NSA certifies Rockwell Collins MILS encryption device, enables interoperability of new and legacy aircraft

CEDAR RAPIDS, Iowa, 22 April 2015. National Security Agency (NSA) officials have issued Type 1 certification for Rockwell Collins new Multiple Independent Level of Security (MILS) encryption device and architecture: KOV-74.

Apr 22nd, 2015
U.S. Navy synchronizes F-18, other aircraft capabilities with data analytics toolset from Battelle, Veracity
U.S. Navy synchronizes F-18, other aircraft capabilities with data analytics toolset from Battelle, Veracity

CEDAR RAPIDS, Iowa, 22 April 2015.National Security Agency (NSA) officials have issued Type 1 certification for Rockwell Collins new Multiple Independent Level of Security (MILS) encryption device and architecture: KOV-74.

“This milestone achievement is the result of more than six years of working with the NSA to develop a common airborne and ground MILS device, capable of processing multiple independent channels of high-rate data, classified up to and including Top Secret,” explains Tommy Dodson, vice president and general manager of Surface Solutions for Rockwell Collins. “For example, it allows the F-35 Lightning II, a fifth-generation platform, to securely interoperate with other equipment at lower-classification levels, such as a fourth-generation F/A-18.”

The KOV-74 is a high-assurance programmable cryptographic product capable of protecting Unclassified through Top Secret data simultaneously. It is ruggedized, miniaturized, and designed for a variety of operating environments, such as ground, mobile, and tactical airborne. The 4-channel device can be configured for single-level to multi-level operation (TS-U), and when combined with Rockwell Collins’ high-assurance data guard, provides a complete MILS distributed security architecture.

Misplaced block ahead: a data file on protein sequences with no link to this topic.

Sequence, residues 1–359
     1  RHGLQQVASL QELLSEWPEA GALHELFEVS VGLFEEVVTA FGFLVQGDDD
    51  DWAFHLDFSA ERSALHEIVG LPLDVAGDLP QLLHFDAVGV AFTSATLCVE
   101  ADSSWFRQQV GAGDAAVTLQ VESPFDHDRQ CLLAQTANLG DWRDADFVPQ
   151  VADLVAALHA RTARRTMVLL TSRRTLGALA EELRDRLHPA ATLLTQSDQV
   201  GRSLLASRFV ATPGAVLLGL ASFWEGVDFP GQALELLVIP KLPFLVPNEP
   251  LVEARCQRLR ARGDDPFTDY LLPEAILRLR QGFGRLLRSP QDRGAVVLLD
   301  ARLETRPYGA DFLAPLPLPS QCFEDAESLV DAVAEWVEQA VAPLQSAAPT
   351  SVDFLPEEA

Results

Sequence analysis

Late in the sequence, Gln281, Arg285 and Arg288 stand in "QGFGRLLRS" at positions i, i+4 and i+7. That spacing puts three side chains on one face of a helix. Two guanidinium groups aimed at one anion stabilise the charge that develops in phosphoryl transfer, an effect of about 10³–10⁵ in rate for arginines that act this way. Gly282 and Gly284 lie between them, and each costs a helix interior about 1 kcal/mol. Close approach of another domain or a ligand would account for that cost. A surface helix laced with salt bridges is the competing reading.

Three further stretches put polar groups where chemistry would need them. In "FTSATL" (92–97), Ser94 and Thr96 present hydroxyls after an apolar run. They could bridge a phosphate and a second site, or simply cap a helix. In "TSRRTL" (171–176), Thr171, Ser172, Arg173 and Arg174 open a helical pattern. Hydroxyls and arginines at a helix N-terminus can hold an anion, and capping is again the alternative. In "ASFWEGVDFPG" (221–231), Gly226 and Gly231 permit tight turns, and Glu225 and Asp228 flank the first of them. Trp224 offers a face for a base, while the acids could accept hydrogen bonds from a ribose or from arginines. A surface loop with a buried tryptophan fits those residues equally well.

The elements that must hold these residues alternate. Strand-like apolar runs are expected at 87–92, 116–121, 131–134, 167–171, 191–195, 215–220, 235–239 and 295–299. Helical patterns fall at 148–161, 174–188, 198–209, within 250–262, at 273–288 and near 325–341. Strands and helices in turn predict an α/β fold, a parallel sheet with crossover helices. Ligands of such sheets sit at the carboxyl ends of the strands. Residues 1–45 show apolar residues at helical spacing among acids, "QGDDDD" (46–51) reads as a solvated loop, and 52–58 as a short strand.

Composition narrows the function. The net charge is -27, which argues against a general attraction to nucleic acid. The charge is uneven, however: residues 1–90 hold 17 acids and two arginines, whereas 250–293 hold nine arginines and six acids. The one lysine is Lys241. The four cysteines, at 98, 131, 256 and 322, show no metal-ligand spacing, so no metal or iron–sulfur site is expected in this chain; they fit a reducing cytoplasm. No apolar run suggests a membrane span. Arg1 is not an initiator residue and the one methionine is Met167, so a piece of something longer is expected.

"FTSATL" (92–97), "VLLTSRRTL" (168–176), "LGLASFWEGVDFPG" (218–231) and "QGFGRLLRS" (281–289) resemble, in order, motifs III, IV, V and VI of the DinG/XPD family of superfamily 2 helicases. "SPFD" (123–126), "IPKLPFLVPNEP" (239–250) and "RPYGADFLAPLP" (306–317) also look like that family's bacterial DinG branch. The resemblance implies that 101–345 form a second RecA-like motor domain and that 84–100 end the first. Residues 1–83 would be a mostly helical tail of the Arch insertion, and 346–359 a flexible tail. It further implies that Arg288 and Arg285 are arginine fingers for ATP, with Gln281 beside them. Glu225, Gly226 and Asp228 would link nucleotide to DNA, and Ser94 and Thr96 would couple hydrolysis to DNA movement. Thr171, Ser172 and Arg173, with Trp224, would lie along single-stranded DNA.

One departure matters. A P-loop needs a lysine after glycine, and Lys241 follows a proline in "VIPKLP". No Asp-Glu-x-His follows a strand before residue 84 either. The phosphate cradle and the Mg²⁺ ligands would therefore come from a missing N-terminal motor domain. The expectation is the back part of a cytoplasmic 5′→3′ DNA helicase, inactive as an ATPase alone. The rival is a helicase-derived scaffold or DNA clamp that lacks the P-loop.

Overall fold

KOV-74 was developed to maximize commonality among range instrumentation systems for test and evaluation (T&E) and training applications, is Cryptographic Modernization-compliant, and enables secure, cross-domain interoperability between networks, platforms, and U.S.-Coalition operations of differing security levels as part of the Common Range Integrated Instrumentation System (CRIIS).

Rockwell Collins has been testing the capability since 2012, teaming with the University of Iowa’s Operator Performance Laboratory and its L-29 aircraft during that time.

“We’re producing hardware in our factory, installing and getting ready to test at Naval Air Station Patuxtent River and Eglin Air Force Base in 2015,” Dodson adds. “We’re excited to begin using this technology to help our military customers develop MILS Live-Virtual-Constructive training concepts to help F-35 pilots train more efficiently, and with legacy aircraft.”

Rockwell Collins develops and deploys communication and aviation electronic solutions for both commercial and government applications, and has expertise in flight deck avionics, cabin electronics, mission communications, simulation and training, and information management.

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